A Scottish hospital is taking its healthcare into the realms of sci-fi by using a fleet of robots to carry out everyday tasks.
Forth Valley Royal Hospital in Larbert, is said to be the first hospital in the UK to use such machines to deliver and retrieve a wide range of supplies.
Trials are currently being carried out to test their efficiency before the hospital opens its doors to patients at the beginning of August 2010. The new self guided vehicles will not only mean patients and visitors can walk along corridors free of bulky trolleys, but will also help cut down the risks of infection and free up support staff from routine deliveries.
The five foot tall robots, which disappointingly resemble mini fork lift trucks and not C3PO, will trundle between wards carrying bed linen, meals, clinical waste and medical supplies. Although they are fully automated, the hospital says there’s no chance of a collision with people as the machines will glide unseen along separate corridors behind the scenes.
It also claims that because the robots allow the movement of goods to be hidden from view, they will also provide a calmer, less cluttered environment although we think they could unsettle patients rather than help them.
Ian Mullen, Chairman of NHS Forth Valley, said: “The new Forth Valley Royal Hospital is the largest healthcare project ever constructed in Scotland and from the very beginning we set out to ensure that it would be one of the most modern and well equipped hospitals in Europe.
“To help achieve this our staff researched the very latest technology available and looked at how similar robotic supply systems were being used in hospitals in places like France and Japan. Having seen the difference these systems made to patients, staff and visitors we were determined to bring this technology back to Scotland to benefit patients from across Forth Valley.”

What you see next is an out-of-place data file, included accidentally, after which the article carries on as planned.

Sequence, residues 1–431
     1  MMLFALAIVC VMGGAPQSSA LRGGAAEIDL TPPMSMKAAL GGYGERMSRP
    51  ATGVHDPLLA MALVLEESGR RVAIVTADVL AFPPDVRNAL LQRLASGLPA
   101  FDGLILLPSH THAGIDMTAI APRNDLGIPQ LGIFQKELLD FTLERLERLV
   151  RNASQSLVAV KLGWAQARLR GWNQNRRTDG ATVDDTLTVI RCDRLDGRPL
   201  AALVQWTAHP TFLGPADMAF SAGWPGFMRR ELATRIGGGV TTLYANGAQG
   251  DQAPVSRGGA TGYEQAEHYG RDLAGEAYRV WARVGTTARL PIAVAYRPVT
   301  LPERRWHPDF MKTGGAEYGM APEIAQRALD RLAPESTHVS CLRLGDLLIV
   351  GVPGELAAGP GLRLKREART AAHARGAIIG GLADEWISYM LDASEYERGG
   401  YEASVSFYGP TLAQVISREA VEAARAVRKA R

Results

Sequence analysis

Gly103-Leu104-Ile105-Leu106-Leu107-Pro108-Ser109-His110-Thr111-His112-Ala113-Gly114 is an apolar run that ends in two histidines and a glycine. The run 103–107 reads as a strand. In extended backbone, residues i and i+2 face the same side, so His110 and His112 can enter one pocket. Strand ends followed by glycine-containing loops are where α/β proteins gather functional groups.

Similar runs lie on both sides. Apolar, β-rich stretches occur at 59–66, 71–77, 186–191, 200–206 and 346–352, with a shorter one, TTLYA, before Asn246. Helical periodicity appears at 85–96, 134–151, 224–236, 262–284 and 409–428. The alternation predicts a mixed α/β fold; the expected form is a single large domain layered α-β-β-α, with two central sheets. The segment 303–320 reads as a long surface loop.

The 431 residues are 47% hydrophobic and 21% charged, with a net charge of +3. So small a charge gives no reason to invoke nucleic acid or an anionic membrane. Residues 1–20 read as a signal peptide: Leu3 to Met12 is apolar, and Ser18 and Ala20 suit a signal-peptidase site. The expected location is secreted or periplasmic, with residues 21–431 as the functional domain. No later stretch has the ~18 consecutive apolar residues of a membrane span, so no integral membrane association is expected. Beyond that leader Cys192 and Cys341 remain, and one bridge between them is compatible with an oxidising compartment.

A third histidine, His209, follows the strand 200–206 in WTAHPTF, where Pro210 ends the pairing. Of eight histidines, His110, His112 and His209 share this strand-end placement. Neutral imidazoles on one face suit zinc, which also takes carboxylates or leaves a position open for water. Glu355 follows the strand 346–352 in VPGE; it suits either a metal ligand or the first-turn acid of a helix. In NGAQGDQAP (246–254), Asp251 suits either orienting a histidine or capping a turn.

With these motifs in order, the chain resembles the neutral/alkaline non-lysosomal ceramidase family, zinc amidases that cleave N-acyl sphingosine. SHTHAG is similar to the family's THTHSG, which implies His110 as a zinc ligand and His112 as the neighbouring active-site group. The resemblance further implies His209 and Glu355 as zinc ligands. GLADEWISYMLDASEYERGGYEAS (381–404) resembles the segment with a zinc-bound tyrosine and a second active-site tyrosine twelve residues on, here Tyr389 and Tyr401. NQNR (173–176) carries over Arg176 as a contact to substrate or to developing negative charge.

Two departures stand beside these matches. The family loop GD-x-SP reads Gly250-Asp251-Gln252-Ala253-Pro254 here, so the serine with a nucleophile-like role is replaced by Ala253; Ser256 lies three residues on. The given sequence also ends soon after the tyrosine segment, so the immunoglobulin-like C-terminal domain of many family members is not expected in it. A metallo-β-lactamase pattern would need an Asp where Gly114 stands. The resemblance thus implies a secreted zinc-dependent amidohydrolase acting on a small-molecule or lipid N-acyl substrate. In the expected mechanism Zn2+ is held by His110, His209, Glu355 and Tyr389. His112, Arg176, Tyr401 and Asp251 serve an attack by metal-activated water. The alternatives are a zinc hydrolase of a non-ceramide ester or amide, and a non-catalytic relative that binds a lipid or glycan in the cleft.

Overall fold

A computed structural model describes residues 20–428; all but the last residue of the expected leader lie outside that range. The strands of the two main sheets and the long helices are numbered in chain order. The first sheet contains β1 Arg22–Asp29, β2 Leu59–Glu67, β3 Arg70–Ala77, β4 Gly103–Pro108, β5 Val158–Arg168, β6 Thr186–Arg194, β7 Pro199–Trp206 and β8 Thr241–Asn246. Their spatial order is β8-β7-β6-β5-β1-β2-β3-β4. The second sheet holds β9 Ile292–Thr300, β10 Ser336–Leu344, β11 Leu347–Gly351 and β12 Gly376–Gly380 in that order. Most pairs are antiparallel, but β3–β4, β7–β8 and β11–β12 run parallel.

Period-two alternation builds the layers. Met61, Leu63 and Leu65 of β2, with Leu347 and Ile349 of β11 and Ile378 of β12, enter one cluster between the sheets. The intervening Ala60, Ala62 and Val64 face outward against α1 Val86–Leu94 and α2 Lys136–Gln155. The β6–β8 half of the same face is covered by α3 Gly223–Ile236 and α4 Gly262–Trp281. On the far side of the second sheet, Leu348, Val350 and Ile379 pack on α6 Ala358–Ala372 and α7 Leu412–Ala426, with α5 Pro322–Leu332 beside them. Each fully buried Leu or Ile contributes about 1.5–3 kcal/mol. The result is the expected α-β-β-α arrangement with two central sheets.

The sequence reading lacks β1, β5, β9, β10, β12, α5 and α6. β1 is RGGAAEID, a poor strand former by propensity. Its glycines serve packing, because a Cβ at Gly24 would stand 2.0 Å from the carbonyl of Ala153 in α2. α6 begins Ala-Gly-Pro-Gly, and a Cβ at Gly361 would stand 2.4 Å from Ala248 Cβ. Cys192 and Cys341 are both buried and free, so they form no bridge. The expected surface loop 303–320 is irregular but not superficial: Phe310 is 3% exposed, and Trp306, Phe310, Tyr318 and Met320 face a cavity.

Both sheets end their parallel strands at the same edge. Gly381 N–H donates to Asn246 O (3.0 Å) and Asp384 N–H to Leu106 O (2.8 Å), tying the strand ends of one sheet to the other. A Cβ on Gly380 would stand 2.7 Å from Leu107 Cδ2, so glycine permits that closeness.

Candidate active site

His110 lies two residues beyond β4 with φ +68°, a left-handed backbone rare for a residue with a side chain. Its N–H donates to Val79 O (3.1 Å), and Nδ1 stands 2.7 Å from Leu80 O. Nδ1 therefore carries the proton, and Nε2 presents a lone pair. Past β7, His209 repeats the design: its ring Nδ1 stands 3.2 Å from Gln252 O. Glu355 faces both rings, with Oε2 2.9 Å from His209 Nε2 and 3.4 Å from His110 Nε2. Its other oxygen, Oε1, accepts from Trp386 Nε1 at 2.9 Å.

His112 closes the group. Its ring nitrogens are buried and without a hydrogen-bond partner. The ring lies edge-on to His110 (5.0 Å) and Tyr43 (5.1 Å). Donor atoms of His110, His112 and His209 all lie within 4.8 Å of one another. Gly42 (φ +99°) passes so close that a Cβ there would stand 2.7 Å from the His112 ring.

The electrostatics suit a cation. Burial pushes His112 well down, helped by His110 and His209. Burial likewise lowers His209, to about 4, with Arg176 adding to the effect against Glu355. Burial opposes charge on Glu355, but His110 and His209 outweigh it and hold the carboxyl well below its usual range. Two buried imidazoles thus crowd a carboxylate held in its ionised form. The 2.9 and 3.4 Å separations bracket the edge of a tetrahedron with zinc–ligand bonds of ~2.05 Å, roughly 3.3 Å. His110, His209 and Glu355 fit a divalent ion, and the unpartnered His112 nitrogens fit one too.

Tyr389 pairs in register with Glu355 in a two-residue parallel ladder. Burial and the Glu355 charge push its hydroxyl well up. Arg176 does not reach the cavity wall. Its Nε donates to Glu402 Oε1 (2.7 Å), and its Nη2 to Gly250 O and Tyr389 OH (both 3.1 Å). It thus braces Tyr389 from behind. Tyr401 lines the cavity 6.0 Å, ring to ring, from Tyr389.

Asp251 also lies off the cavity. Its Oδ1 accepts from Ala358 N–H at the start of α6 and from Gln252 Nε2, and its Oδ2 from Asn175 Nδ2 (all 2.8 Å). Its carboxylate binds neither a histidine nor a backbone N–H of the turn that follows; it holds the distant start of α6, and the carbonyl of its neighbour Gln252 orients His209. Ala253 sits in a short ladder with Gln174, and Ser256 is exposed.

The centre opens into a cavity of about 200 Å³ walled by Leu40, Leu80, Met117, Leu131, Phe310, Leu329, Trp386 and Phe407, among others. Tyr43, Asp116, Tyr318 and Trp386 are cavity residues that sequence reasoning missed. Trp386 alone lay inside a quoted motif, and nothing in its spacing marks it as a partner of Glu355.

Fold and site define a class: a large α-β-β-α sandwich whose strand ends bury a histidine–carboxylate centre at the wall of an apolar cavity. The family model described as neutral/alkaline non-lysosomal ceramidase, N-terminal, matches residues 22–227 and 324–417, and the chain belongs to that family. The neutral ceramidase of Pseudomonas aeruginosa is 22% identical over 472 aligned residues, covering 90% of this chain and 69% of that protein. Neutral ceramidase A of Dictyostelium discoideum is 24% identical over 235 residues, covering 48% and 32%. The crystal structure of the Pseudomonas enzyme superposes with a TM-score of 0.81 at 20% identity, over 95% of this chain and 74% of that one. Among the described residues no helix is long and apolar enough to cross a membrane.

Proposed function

The robots use laser technology to find their way around. The technology is similar to that already used in car plants and industrial shop floors as well as in hospitals in some parts of Europe and the USA. The machines will be loaded and unloaded in a basement area and make their deliveries to wards via a number of special lifts with separate flows for clean and dirty goods, to minimise the risk of cross contamination.
If a robot fails, an electric vehicle can be summoned to tug the robot out of trouble. And should there be problems with one particular lift the robots can be re-routed through a special sensor system, but that’s what they said about SkyNet. There will also be a fleet of 13 separate robots to help meet demand during peak periods and provide back-up, if required.
It also seems that there will be a fully robotic pharmacy system, capable of labelling medicines as well as stocking supplies and picking up drugs. Sounds like a dream come true for paranoid dealers. Robotic equipment will also be used to clean the hospital’s 16 hi-tech operating theatres.
We asked the hospital who would clean these robots and how much this would cost. However, it would not comment.
Earlier this week Hitachi announced a roller-skating humanoid robot called EMIEW2. The bot can rollerskate over uneven surfaces, and respond to your voice commands, such as “Help! The hospital robots have gone haywire!”